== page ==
Books are a repository of written wealth. With people getting glued to gizmos and gadgets, the reading habit has seen a dip. In the context of books and reaching out to make this wealth accessible are several initiatives like book clubs.
The Out-Of-Context book club was started with the purpose of reviving the reading habit, states its founder, Archana Nagvekar from Margao.
She puts it simply, "We want to get people back into reading and discussing books. Through this book club, we want to create a safe platform where any kind of book can be discussed. With books, come issues raised by books. We go by the tagline ‘No book is taboo’. Hence, this book club is a safe forum to discuss any kind of issue."
From discussing how a futuristic world would cope with over-population in the book, Pop Squad, by Paolo Bacigalupi, to talking about mental health issues as part of the discussion on Norwegian Wood by Haruki Murakami, the range has been diverse.
COMPLETING A SUPER SEVEN YEARS
Founded in December of 2016, the Out-Of-Context book club completes 7 years this year. Through the years, they have discussed around 125 books and short stories so far, informs Archana. Even the pandemic couldn't play spoilsport with their book discussions.
Archana recalls, "During COVID, we had to take to the digital platform. We are onboard an online platform, called DISCORD, which is great for discussing books, as it has voice and text features as well."
She adds, "But now, most of our meetings are in person. We meet at different places. However, the last few meets have been at Broadway Bookshop, Panjim. Our readings are held once in 3-4 weeks so as to give enough time for members to read a selected book."
Archana reveals the significance of the name of the book club, "When we started the book club and were thinking of a unique name, I happened to read somewhere that nothing in life is in context. Things happen pretty much randomly and without rhyme or reason. Hence the name, Out-of-Context!"
UNITED BY A LOVE FOR BOOKS
There's no particular target audience in mind for the club. Archana says that most of the books that have been read and discussed are for adults or young adults. "Most of our discussions are open to the public. Whoever identifies with a book comes for the discussion. Some of them become permanent members of the book club."
Despite facing challenges from other forms of entertainment, the club membership has increased over the years.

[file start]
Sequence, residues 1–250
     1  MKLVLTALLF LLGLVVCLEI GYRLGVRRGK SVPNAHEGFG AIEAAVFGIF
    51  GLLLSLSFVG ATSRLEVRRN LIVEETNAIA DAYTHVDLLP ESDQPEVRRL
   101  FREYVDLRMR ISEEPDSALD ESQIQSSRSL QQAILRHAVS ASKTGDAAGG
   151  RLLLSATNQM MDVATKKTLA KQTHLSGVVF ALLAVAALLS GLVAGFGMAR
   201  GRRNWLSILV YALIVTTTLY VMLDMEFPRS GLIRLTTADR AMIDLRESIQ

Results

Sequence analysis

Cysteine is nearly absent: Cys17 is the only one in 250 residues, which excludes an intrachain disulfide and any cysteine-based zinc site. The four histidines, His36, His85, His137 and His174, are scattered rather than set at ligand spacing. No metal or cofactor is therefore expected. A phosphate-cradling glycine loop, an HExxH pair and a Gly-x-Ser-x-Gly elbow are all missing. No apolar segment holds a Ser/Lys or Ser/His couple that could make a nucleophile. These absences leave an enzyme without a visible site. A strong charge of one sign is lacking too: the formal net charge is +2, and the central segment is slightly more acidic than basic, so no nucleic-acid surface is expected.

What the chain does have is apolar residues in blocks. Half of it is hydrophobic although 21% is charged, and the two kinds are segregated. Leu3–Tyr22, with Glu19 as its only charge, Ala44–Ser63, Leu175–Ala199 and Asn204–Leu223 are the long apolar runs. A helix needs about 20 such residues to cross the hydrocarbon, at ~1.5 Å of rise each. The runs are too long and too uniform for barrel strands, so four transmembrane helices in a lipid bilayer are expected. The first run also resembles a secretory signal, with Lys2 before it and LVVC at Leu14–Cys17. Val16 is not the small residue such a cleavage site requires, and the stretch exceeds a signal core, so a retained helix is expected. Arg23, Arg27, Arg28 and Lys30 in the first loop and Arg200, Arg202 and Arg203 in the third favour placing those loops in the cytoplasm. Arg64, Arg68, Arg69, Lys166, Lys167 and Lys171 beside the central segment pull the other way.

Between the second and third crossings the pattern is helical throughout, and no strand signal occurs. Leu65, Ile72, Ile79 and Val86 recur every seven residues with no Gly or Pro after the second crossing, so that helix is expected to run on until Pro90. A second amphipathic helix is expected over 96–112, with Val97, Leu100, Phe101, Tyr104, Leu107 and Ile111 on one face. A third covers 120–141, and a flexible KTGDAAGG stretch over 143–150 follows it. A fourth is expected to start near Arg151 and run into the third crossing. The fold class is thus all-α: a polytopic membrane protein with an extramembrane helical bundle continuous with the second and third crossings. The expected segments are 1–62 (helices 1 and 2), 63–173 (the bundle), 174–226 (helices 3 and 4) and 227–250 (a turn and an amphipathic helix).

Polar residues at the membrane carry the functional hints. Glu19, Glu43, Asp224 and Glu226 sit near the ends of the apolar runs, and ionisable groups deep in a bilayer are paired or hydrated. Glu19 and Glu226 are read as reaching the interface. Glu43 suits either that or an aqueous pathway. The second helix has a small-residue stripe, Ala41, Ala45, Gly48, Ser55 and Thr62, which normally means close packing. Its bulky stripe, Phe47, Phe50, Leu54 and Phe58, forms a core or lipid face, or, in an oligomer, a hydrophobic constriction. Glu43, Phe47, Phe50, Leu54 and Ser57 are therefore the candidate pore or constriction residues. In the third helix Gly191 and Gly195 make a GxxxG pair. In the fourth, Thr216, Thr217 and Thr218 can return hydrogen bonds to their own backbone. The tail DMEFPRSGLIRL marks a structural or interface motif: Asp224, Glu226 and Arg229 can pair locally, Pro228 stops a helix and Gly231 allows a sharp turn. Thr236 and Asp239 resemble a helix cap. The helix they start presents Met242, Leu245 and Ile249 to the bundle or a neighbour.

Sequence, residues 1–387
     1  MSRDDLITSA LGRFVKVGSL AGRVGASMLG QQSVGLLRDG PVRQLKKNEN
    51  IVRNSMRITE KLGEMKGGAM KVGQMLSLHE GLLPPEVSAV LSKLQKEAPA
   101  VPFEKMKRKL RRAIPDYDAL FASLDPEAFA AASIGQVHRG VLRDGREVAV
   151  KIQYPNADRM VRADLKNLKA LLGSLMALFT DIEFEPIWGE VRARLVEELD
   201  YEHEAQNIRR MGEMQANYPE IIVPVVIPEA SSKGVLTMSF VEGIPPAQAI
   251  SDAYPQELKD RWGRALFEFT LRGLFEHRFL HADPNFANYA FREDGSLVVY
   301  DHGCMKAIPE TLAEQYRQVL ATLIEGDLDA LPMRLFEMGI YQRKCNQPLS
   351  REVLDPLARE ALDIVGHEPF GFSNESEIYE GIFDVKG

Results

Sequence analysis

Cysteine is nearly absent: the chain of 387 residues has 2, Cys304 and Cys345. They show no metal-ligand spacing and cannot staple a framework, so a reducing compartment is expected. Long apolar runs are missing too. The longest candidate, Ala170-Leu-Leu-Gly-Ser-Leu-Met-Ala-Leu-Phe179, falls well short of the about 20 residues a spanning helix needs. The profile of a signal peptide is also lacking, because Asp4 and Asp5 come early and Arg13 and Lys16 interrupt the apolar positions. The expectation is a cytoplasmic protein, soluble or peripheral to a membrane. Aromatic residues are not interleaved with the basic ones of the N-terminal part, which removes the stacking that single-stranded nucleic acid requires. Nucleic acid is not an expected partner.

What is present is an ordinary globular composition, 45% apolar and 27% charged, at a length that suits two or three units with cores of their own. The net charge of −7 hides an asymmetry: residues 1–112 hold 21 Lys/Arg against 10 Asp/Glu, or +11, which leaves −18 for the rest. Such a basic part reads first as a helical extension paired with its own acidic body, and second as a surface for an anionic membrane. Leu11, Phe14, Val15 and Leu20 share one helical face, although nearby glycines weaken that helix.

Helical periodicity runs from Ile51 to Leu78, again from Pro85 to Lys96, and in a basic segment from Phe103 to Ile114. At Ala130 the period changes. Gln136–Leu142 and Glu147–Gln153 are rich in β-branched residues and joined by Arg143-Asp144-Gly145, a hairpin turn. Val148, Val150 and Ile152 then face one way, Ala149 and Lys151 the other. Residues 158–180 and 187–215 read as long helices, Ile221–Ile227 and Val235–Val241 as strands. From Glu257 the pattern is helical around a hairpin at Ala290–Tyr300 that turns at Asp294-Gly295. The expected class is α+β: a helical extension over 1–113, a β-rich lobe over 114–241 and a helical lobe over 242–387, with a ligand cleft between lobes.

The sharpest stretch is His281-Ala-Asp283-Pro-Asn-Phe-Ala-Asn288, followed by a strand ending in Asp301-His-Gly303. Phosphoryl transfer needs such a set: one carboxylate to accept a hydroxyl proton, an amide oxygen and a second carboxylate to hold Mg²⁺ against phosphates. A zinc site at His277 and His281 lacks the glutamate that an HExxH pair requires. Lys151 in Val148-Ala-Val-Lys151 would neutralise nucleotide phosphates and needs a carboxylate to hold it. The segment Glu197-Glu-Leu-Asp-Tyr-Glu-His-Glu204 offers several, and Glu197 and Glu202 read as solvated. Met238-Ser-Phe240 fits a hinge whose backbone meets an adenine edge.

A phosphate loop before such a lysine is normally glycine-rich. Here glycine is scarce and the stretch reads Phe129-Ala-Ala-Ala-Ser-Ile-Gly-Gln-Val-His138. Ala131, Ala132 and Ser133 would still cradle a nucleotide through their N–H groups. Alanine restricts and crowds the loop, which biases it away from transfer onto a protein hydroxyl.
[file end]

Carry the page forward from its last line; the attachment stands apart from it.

"Book reading is a solitary activity that requires commitment. A book club is different from, say, a film club. Over the years, our membership has steadily grown. The most important change I’ve seen in people is the varied types of books that they have selected,” she explains.
“Our members have really taken time and patience to select books that are worthy of discussing. Another change I’ve seen is how once shy people have now turned pros at presenting books at our discussions," says Archana.
"Most members of the club don’t have a background in literature; we are united only by our love for books," says Archana who herself is a working professional with a Bachelor’s degree in Computer Engineering. "I’m a book lover by passion," she says.
The sessions are not dry discussions. Sometimes, there's even drama! "For our 100th book, we had a dramatic performance reading of William Shakespeare’s A Midsummer Night's Dream, which is light and fun. Activities such as these are good to get children involved in reading and literature. For our forthcoming 7th year anniversary, we plan to do a special dramatic reading, which we will announce shortly."
WHAT DOES THE FUTURE HOLD?
Firmly believing in the power of such book discussions in developing mind and personality, Archana sounds positive, "Books have to continuously compete with more attractive options for self- entertainment like mobile phones. But, we have lit a spark and we plan to keep it alive for as long as possible. Because reading makes you a well-grounded person.”
“In addition to that, discussing them in forums like a book club make you a well-rounded person as you learn to accept and respect other people’s viewpoints which may be different from yours," she concludes.
The Out-Of-Context book club can be reached at email@example.com